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5 Tips For Your First Ride
Jake T · September 29, 2022
If you’ve recently passed your CBT or even your Full Licence… first of all congratulations! Whilst we’re excited that you’re about to embark on the amazing adventure that the world of motorcycles brings, we can also understand that it can be a little daunting to be let loose on the roads for the first time.
It’s a common point of discussion in our Beginner And New Motorcyclists UK group, so we thought we’d put together a short list of helpful tips that may help you to build your confidence and help prepare you for a life out on two wheels.
1. Take Your Time
Now I'm sure you may have heard this one a lot but I’m going to start off with it as its blooming important.
One of the worst things you can do once you’ve passed is rush yourself. You will end up putting yourself in stressful situations which could result in your panicking and doing something which may put you in danger.
So we recommend once you’ve passed, head to some quiet or familiar roads and just take a moment to remember and practice everything you learnt during your training. Perhaps head to a car park after hours and just get to grips with your clutch control and practice some of the maneuvers you covered in your CBT without the pressure of being out on the road.
Remember if you’re going out with friends or other riders, there is no pressure to keep up. It doesn't prove anything or make you any worse of a rider. As long as you all arrive at the destination safely then you’ve done a great job.
2. Be Real - You're Not Valentino Rossi
A lot of people would think that this only applies to youngsters who have recently passed but let me tell you, I’ve seen a great deal of middle aged folks jump straight on big bikes and get themselves in sticky situations because they are not allowing for the fact they have only just learnt to ride.
Every time you swing your leg over a bike you learn something new so just be realistic about your skills and remember no one is expecting you to be a MotoGP rider straight out the gate.
Don’t let social expectations get to you either… As above, if you're heading out with more experienced riders who just want to go hell for leather… then let them and just focus on your own riding. Always ride within your ability.
3. Ride With Others
Okay maybe don't head straight out with 20 other riders but if you know someone who already rides that would be happy to join you to help build your confidence. Perhaps they could lead the way so you don’t need to worry about directions and you can just focus on the bike and the road ahead.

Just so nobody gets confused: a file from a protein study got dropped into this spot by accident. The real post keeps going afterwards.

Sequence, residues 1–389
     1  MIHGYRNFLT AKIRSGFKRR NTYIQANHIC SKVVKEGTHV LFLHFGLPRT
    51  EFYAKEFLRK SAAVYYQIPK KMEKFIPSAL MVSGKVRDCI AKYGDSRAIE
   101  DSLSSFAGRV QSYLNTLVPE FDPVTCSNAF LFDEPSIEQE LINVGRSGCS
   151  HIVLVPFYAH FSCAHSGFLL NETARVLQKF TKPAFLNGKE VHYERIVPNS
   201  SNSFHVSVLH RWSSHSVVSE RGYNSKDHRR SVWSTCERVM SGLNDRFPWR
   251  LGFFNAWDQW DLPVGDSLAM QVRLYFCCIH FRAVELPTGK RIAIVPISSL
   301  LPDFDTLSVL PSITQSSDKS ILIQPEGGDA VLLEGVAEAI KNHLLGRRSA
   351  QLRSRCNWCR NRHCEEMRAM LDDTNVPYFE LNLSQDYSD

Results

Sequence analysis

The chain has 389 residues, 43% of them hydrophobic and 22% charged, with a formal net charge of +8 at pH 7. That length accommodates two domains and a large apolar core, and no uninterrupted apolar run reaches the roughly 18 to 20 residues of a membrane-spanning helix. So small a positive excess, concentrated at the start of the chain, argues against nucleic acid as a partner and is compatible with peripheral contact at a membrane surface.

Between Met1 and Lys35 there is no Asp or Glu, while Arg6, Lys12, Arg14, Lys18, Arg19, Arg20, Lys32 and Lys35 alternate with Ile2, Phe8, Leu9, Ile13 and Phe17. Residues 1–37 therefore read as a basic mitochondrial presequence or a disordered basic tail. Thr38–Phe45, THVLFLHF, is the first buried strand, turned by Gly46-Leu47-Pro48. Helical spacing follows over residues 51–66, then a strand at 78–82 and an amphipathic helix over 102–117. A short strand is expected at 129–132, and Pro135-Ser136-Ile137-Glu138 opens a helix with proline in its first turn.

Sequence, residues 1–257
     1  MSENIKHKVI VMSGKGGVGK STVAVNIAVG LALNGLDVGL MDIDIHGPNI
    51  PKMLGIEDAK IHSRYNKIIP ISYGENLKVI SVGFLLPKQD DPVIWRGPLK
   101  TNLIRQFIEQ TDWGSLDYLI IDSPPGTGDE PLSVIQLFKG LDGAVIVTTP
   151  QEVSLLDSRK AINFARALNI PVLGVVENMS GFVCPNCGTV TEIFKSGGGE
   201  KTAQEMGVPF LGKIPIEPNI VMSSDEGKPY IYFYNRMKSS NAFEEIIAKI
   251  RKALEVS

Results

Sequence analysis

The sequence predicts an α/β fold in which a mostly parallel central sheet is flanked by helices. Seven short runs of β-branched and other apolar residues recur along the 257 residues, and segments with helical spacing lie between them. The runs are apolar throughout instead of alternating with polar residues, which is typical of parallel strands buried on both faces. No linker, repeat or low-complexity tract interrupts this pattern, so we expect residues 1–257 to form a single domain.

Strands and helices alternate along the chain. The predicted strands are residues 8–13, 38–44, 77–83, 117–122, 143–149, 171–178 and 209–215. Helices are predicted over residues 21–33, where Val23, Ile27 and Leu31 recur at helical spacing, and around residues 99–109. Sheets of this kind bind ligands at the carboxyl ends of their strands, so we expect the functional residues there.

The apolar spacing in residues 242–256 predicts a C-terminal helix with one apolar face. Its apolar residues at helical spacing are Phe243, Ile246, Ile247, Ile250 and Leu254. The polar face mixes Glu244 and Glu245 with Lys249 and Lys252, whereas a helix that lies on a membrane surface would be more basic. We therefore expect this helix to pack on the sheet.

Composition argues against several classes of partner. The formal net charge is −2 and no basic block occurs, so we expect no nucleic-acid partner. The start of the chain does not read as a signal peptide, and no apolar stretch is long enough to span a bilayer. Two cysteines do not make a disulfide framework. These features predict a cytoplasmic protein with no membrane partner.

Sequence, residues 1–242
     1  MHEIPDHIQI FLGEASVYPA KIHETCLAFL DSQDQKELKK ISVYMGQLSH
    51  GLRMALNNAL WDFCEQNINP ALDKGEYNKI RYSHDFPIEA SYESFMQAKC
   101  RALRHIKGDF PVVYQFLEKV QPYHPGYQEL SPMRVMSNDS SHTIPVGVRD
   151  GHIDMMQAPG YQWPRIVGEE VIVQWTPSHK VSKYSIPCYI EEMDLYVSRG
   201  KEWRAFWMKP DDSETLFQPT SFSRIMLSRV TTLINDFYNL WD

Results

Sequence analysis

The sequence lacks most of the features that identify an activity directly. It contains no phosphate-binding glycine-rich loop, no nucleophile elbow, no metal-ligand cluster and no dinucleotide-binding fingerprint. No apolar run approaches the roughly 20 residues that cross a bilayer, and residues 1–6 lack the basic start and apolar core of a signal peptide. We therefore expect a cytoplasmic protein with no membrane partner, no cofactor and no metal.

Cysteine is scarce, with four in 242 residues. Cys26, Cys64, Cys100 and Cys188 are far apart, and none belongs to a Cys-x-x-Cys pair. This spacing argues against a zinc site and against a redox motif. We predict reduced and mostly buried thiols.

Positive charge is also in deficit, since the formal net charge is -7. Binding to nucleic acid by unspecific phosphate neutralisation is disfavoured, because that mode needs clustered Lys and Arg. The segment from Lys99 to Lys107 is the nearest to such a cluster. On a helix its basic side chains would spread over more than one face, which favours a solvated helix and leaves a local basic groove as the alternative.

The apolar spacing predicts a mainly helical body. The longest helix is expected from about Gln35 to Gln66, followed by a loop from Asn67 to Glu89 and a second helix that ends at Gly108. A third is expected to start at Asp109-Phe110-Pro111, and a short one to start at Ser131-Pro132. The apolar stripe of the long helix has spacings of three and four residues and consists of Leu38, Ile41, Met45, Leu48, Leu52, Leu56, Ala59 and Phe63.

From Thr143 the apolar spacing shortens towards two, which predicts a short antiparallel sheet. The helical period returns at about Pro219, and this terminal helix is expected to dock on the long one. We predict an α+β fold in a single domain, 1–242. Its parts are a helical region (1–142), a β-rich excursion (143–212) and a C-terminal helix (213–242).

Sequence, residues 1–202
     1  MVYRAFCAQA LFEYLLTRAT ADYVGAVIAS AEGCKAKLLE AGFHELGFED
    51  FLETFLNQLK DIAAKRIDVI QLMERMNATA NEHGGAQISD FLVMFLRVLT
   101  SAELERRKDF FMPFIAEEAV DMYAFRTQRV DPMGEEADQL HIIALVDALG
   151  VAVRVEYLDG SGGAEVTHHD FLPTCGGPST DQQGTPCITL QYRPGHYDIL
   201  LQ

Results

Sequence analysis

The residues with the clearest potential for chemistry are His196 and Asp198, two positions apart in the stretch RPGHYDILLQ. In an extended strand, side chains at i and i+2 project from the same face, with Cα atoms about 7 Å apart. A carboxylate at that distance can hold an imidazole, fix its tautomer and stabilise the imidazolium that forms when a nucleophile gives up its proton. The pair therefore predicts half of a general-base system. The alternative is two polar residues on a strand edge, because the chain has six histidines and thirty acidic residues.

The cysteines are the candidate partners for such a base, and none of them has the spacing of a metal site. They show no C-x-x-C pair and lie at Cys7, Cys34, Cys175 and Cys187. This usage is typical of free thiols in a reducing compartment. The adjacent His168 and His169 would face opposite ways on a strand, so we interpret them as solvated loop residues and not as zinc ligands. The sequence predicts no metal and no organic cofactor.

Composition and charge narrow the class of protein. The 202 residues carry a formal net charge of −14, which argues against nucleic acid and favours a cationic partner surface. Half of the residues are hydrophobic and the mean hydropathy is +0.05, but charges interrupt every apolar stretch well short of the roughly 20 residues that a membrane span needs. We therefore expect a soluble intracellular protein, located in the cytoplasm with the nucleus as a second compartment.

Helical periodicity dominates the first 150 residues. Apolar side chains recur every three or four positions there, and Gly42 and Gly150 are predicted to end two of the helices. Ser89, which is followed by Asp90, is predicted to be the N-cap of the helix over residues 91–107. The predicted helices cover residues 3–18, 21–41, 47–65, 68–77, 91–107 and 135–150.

If you don’t know anyone they why not post in our friendly group to see if there may be any other riders in your area. We’re a friendly bunch and we’re always happy to welcome new faces. The more the merrier.
4. Keep Your Wits About You
As you may have seen with learner drivers on the road… other road users are sometimes not the kindest so just be aware that people may see your L plates and not always give you the time or space you deserve. So make sure to check those mirrors and your blindspots and do your best to put yourself in the safest positions possible.
Always try to remain calm and again just remember your training. If you need to pull over to take a moment to reset before you carry on, that’s okay too.
5. Ensure You Have The Correct Gear
This is something we will always recommend to riders of any ability. From having a well maintained bike to ensuring your helmet fits correctly and you have suitable gear for the conditions you’re riding in, it is the easiest thing to get right and help you on your way.
There is nothing more distracting than heading out on the roads during the winter with cold hands and getting soaked through from the inevitable downpour. A good winter jacket to keep you dry and some winter gloves to ensure your hands arnt frozen will really go a long way.
Equally, ensuring your helmet is the correct size and fit can make a whole load of difference on only to keeping you safe but will be a big factor to things like wind noise, which again can be a big distraction you could do without.
Lastly, this one should go without saying but we’ll cover it anyway. Make sure your bike is well looked after and in good condition. As a new rider heading out for your first ride you want to just be able to focus on yourself without having to worry about any issues with your bike. If you’re unsure where to start with this then have a gander at our Beginners Guide To Motorcycle Maintenance.
The main thing to keep in mind is that we all learn at different speeds and different levels. Some people take to motorcycles like a duck to water whilst it may take a little more time and practice for others. If you’re struggling initially then just keep practicing… the main thing to remember is not to give up!
The world of motorcycles and the feeling of freedom on the road is unparalleled so just remember your training and you’ll soon feel at home on two wheels.